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Dr. B.
Dr. B., Veterinarian
Category: Dog Veterinary
Satisfied Customers: 18308
Experience:  Hello, I am a small animal veterinarian and am happy to discuss any concerns & questions you have on any species.
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My dog has a lump by her anus. Her and the other dogs lick

Customer Question

My dog has a lump by her anus. Her and the other dogs lick it and sometimes it bleeds.
Submitted: 5 months ago.
Category: Dog Veterinary
Expert:  Dr. B. replied 5 months ago.

Hello & welcome, I am Dr. B, a licensed veterinarian and I would like to help you today. I do apologize that your question was not answered before. Different experts come online at various times; I just came online, read about your situation, and wanted to help.

How long has the lump been present?

Is it on the rectal ring itself or to the side on normal skin?

Can you take a photo of this as it will let me see what you are seeing? To post online, you can use the paperclip icon above your text box. Or if you can't see that on your computer/phone, then you can post them on any other site (ie Flickr, Photobucket, imgur, etc) and paste the web link here for me to check.

Customer: replied 5 months ago.
I am not sure how long it has been there. We just noticed it. Here is a picture of it.
Expert:  Dr. B. replied 5 months ago.

Thank you,

Unfortunately, your photo isn't quite in focus over the lump. In any case, we do need to tread with care since this is an area where we have very little wiggle room if we need to remove a mass. So, its always best to be proactive in these cases. Now in regards ***** ***** lump's nature, we do have to consider a range of issues. It is possible this is related to an underlying anal gland impaction, inflammation, infection, or mass. As well, we cannot rule out benign cysts, adenomas, and cancerous lesions. And if you are seeing occasional bleeding that raises worries of the skin being ulcerated due to the mass stretching it thin. This can be quite sore but also can become infected (both reasons she could be licking and the latter could lead to the others doing so).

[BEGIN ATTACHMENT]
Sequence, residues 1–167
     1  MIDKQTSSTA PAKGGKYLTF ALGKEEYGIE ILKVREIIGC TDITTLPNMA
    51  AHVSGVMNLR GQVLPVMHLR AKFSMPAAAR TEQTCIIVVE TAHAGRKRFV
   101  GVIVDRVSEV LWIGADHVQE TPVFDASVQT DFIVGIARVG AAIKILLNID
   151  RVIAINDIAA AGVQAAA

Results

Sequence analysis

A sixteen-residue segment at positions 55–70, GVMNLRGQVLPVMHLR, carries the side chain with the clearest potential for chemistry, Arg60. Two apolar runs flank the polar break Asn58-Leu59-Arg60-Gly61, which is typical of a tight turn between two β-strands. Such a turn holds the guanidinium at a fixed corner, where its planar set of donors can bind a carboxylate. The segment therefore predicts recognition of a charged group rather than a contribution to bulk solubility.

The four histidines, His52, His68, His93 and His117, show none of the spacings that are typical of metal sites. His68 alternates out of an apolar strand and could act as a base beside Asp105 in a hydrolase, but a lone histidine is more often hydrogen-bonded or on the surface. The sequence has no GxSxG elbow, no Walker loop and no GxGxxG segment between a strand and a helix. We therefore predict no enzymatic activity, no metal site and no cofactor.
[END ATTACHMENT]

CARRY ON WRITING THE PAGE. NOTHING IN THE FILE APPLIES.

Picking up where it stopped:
With all this in mind and considering the need to be proactive for Ginger, the best way to approach an abnormal lump like this is to have your vet evaluate the lump. The can check the associated gland +/- sample the lump via fine needle aspiration (FNA). This is where the vet uses a needle to harvest cells from the lump. If they remove pus, then this tells us that there is infection present and antibiotics can be dispensed. If clear fluid is removed, then a cyst would be suspect and can be drained. Otherwise, if the above are not found, then the cells they harvest can be stained to tell us what is present and whether it is something that needs more serious treatment.

Overall, with this being present in an awkward area and the licking raises those additional concerns, we'd want to be proactive here. Therefore, if she is due a booster soon, considering moving that appointment up so we can have your vet sample this to identify its cause so that appropriate treatment can be initiated to address it for Ginger.

All the best,

Dr. B.


If you have any other questions, please ask me – I’ll be happy to respond. Please remember to rate my service once you have all the information you need as this is how I am credited for assisting you today. Thank you! : )

Customer: replied 5 months ago.
Sorry for the blurry picture, she was not wanting to stay still and it was hard to take by myself. Last night when I checked the lump it was no longer hard. I think it drained during the day. I thought I saw some puss coming out of it when I was putting pressure on it.
Expert:  Dr. B. replied 5 months ago.

No worries,

I know it can be a challenge, especially if you don't have someone to pop a hand on her. In any case, if you have seen pus, then an infection (abscess) is our top concern. If possible you will want to express as much as possible and salt water bathe/flush the inside of this. Otherwise, we may need just to get her vet to put her on a short course of antibiotics to clear this and get it settled.

Best wishes,

Dr. B.


If you have any other questions, please ask me – I’ll be happy to respond.

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